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Twin Birth and Maternal Condition

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  • Bhalotra, Sonia R.

    (University of Warwick)

  • Clarke, Damian

    (University of Chile)

Abstract

Twin births are often construed as a natural experiment in the social and natural sciences on the premise that the occurrence of twins is quasi-random. We present new population-level evidence that challenges this premise. Using individual data for 17 million births in 72 countries, we demonstrate that indicators of mother's health and health-related behaviours are systematically positively associated with the probability of a twin birth. The estimated associations are sizeable, evident in richer and poorer countries, evident even among women who do not use IVF, and hold for numerous different measures of health. We discuss potential mechanisms, showing evidence that favours selective miscarriage. Positive selection of women into twinning implies that estimates of impacts of fertility on parental investments and on women's labour supply that use twin births to instrument fertility will tend to be downward biased. This is pertinent given the emerging consensus that these relationships are weak. Our findings also potentially challenge the external validity of studies that rely upon twin differences.

Suggested Citation

  • Bhalotra, Sonia R. & Clarke, Damian, 2018. "Twin Birth and Maternal Condition," IZA Discussion Papers 11742, Institute of Labor Economics (IZA).
  • Handle: RePEc:iza:izadps:dp11742
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    Cited by:

    1. Sanz-de-Galdeano, Anna & Terskaya, Anastasia, 2019. "Sibling Differences in Educational Polygenic Scores: How Do Parents React?," IZA Discussion Papers 12375, Institute of Labor Economics (IZA).
    2. Peter Savelyev & Benjamin Ward & Bob Krueger & Matthew McGue, 2020. "Health Endowments, Schooling Allocation in the Family, and Longevity: Evidence from US Twins," Working Papers 2020-040, Human Capital and Economic Opportunity Working Group.
    3. Damian Clarke & Manuel Llorca Ja~na & Daniel Paila~nir, 2021. "The Use of Quantile Methods in Economic History," Papers 2108.06055, arXiv.org.
    4. Menta, Giorgia & Lepinteur, Anthony, 2021. "Boys don’t cry (or do the dishes): Family size and the housework gender gap," Journal of Economic Behavior & Organization, Elsevier, vol. 186(C), pages 164-188.
    5. Plamen Nikolov & Hongjian Wang & Kevin Acker, 2020. "Wage premium of Communist Party membership: Evidence from China," Pacific Economic Review, Wiley Blackwell, vol. 25(3), pages 309-338, August.
    6. Öberg, Stefan, 2018. "Instrumental variables based on twin births are by definition not valid (v.3.0)," SocArXiv zux9s, Center for Open Science.
    7. Cuong Nguyen & Anh Tran, 2020. "Are children an incentive or a disincentive for migration? Evidence from Vietnam," Economics of Transition and Institutional Change, John Wiley & Sons, vol. 28(3), pages 467-485, July.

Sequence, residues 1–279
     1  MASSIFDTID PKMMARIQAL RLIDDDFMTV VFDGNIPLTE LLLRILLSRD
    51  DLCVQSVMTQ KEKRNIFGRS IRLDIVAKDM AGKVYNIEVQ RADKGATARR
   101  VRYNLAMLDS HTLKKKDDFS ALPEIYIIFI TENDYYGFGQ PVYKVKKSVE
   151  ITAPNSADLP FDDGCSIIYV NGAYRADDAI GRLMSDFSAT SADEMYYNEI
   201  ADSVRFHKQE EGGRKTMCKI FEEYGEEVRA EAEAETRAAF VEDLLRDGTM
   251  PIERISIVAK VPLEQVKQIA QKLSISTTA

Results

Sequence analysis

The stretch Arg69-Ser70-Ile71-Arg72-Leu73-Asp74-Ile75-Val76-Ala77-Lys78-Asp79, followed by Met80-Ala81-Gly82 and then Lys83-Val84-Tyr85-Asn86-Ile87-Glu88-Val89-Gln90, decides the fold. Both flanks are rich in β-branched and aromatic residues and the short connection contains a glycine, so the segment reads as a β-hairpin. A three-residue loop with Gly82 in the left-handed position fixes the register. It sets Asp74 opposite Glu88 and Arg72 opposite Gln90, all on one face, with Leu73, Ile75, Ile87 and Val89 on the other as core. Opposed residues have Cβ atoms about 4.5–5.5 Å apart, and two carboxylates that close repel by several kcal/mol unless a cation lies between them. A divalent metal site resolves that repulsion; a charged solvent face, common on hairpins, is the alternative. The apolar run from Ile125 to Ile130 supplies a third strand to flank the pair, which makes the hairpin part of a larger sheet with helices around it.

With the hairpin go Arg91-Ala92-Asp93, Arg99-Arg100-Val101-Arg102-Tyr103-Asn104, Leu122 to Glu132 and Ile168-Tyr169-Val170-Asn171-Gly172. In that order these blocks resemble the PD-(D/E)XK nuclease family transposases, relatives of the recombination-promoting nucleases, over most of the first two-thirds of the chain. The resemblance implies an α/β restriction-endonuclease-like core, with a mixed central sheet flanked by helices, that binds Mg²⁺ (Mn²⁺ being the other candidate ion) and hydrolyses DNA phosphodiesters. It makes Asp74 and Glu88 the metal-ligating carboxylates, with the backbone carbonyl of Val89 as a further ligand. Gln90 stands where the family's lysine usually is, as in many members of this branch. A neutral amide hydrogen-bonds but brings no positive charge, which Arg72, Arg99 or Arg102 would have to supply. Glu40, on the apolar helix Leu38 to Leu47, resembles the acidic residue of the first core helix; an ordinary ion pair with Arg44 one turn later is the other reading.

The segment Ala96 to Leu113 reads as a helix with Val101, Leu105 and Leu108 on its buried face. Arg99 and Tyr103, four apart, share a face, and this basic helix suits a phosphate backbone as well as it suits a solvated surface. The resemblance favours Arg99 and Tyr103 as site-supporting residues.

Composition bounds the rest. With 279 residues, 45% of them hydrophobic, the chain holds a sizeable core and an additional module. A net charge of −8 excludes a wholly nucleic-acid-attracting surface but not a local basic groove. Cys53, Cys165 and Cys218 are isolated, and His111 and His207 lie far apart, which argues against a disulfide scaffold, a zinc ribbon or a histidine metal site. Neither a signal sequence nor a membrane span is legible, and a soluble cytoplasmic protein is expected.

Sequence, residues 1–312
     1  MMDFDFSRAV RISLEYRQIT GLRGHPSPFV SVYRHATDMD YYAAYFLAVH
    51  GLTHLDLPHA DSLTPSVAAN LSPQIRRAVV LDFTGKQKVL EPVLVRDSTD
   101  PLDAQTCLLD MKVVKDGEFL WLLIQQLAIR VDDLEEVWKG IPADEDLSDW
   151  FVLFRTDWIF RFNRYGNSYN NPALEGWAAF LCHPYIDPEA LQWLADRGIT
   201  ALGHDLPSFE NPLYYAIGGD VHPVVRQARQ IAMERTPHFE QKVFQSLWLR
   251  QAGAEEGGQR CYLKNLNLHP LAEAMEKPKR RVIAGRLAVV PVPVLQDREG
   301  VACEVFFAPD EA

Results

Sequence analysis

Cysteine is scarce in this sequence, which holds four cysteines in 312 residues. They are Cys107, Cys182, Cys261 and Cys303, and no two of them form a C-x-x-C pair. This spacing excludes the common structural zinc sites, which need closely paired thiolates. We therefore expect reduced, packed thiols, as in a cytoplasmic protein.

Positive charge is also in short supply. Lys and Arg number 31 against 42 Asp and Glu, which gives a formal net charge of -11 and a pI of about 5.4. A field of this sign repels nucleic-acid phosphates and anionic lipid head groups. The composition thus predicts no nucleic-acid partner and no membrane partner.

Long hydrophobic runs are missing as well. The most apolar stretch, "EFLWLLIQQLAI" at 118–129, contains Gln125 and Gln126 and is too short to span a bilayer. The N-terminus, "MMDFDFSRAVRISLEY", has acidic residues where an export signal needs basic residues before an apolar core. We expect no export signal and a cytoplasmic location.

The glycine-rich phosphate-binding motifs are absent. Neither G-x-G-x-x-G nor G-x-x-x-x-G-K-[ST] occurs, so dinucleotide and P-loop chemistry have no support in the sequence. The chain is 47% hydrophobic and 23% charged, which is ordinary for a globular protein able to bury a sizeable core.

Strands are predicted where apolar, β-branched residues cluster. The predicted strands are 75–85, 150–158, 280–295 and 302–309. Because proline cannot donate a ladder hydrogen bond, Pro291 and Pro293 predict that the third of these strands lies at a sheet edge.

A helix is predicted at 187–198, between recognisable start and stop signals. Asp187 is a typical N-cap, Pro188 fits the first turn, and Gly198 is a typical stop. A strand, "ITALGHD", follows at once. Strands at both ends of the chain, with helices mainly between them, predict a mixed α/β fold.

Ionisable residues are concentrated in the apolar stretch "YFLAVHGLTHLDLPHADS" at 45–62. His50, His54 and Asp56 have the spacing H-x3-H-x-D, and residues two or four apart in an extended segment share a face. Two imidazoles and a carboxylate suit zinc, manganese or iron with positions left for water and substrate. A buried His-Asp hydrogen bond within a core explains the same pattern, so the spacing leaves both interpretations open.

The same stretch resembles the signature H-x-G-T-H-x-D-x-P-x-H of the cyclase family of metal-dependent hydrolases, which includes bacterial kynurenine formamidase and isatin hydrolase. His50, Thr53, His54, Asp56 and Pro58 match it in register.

8. Damian Clarke & Gustavo Cortés Méndez & Diego Vergara Sepúlveda, 2020. "Growing together: assessing equity and efficiency in a prenatal health program," Journal of Population Economics, Springer;European Society for Population Economics, vol. 33(3), pages 883-956, July.
    9. Chu, Yu-Wei Luke & Cuffe, Harold E & Doan, Nguyen, 2021. "Motherhood Employment Penalty and Gender Wage Gap Across Countries: 1990–2010," Working Paper Series 9446, Victoria University of Wellington, School of Economics and Finance.
    10. Anna Baranowska-Rataj & Kieron J. Barclay & Joan Costa-Font & Mikko Myrskylä & Berkay Özcan, 2019. "Preterm births and educational disadvantage: heterogeneous effects across families and schools," MPIDR Working Papers WP-2019-016, Max Planck Institute for Demographic Research, Rostock, Germany.
    11. Sonia Bhalotra & Damian Clarke & Joseph F. Gomes & Atheendar Venkataramani, 2021. "Maternal Mortality and Women’s Political Power," LIDAM Discussion Papers IRES 2021010, Université catholique de Louvain, Institut de Recherches Economiques et Sociales (IRES).

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    More about this item

    Keywords

    parental investment; fertility; women's labor supply; miscarriage; twins; maternal health;
    All these keywords.

    JEL classification:

    • J12 - Labor and Demographic Economics - - Demographic Economics - - - Marriage; Marital Dissolution; Family Structure
    • J13 - Labor and Demographic Economics - - Demographic Economics - - - Fertility; Family Planning; Child Care; Children; Youth
    • C13 - Mathematical and Quantitative Methods - - Econometric and Statistical Methods and Methodology: General - - - Estimation: General
    • D13 - Microeconomics - - Household Behavior - - - Household Production and Intrahouse Allocation
    • I12 - Health, Education, and Welfare - - Health - - - Health Behavior

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